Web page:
Former renegade peer-to-peer file sharing service Kazaa is back from the dead. After numerous legal battles and settlements that reportedly reached into the hundreds of millions, Kazaa will attempt one last time to use what little heat surrounding its name is left in an effort to sell music. The firm now offers a like-named iPhone and iPad app that works just like Spotify, Rhapsody, Zune and the plethora of other music subscription services on the market today: pay $10 per month, stream as much music as you want, and store files locally if you choose. The apps touts a catalog of “millions and millions of songs,” and offers a free 7-day trial before the monthly fee is required. While seeing the Kazaa brand revived is amusing, we’re not sure what compelling argument Kazaa makes to draw users away from competitors, and we’ll likely stick with Spotify as a result. More →
Flipboard, the company behind the popular like-named social magazine application for the iPad, plans to add TV shows, books and movie content, Reuters reported on Thursday. The company’s app has been downloaded more than 3 million times, and it offers articles from several popular magazines including Rolling Stone and National Geographic. Users can view articles alongside customized news and social network feeds, too. Flipboard CEO Mike McCue told Reuters that he hopes to add TV shows and movies by the end of the year but has not discussed who his company is teaming up with to deliver the content just yet. It is also still unclear when McCue will add books to the app. A version of the software for the iPhone and iPod touch will be launching in the coming weeks and we’re excited to see how it performs on the iPhone’s smaller screen. More →
The U.S. Food and Drug Administration may soon approve or reject mobile health applications. The government agency said on Wednesday that it is proposing to oversee the applications in an effort to ensure the apps perform as advertised and aren’t actually hurting users. “There are advantages to using medical apps, but consumers and health care professionals should have a balanced awareness of the benefits and risks,” FDA policy advisor Bakul Patel said. The administration hopes to approve and reject mobile applications that:
- Are used as an accessory to an FDA-regulated medical device. For example, an app could enable a health care professional to view medical images on an iPad and make a diagnosis;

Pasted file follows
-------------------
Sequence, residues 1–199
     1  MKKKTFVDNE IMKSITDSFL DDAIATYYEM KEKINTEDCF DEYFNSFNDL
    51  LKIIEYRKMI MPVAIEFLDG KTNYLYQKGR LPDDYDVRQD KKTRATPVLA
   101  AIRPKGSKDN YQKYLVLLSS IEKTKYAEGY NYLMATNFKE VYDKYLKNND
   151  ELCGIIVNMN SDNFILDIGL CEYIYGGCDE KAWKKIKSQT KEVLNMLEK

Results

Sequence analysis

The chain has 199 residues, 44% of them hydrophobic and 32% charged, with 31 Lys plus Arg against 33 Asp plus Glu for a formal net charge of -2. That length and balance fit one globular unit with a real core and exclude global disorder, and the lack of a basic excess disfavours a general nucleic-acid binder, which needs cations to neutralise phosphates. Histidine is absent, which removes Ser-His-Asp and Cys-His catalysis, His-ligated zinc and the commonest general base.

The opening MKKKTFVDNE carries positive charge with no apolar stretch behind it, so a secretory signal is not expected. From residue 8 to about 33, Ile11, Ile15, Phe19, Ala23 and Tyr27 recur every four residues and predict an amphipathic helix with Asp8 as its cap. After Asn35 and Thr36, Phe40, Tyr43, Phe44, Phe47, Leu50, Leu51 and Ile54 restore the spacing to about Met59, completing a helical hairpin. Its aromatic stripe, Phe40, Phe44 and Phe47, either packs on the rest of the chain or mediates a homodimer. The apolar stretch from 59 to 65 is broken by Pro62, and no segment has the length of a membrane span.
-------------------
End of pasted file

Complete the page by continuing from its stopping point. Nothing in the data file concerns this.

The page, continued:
- Transform a mobile platform into a regulated medical device. For example, an app that turns a smartphone into an electrocardiography, or ECG, machine to detect abnormal heart rhythms or determine if a patient is experiencing a heart attack.
“We want to hear from as many consumers, advocacy groups, health care professionals, and software creators and distributors as possible to help us finalize the proposed guidelines,” Patel said. The proposed guidelines will be published on Wednesday.
Have a Windows Phone? Want in on the Google+ fun? Your wait may soon be over. In a post published on July 14th, Google listed fifteen changes that it said “may” be implemented this week. Number six on the list is “Google+ App for Windows Phone 7.” Google officially announced the Google+ social network on June 28th and, while it already has more than 10 million users, third party user stats have suggested 87% of the current profiles belong to men. More →
When RIM launched the BlackBerry PlayBook earlier this year, AT&T was the only carrier that didn’t provide a BlackBerry Bridge application out of the gate. As of Friday, the application is now available for PlayBook owners with AT&T BlackBerry phones. The app provides free email, calendar, and BBM sync between your PlayBook and BlackBerry smartphone, but you’ll need to subscribe to a $20 monthly plan to share data, too. BlackBerry Bridge is available immediately for free in BlackBerry App World. More →
Skype announced on Wednesday that its Android application now supports video calling on select devices. The application is particularly attractive because it allows mobile users to connect with other users on Mac, Windows, TV, iOS, or other Android devices. Skype says the app was built with a complete new redesign, too, which includes a new main menu, easier contact navigation, quick access to your profile, and more. There’s even a new “mood” message box that allows you to show what you’re up to or how you’re feeling. Skype for Android requires Android 2.3 and above, as well as a front-facing camera for video chat. It currently supports the HTC Desire S, the Sony Ericsson Xperia neo, the Sony Ericsson Xperia pro, and the Google Nexus S. Skype says it also has plans to roll out support for additional handsets in the near future. Hit the jump for a video demo of the new client in action. More →
Hulu announced on Thursday that its Hulu Plus application is now available on select Android smartphones. The service costs $7.99 per month and allows users to browse and play Hulu Plus content directly on their smartphones. It’s currently only available for the Motorola Atrix, Motorola DROID X, Motorola DROID 2, HTC Inspire 4G, Nexus S, and Nexus One, but Hulu says it will add more devices throughout the year. New users can sign up for a free 1-week trial to give the service a whirl, and the app is available in the Android Market now. In other news, Hulu is also reportedly up for sale. The company has hired Morgan Stanley and Guggenheim Partners to assist with possible deals, and Yahoo is said to have already expressed interest in bidding on the streaming video firm. More →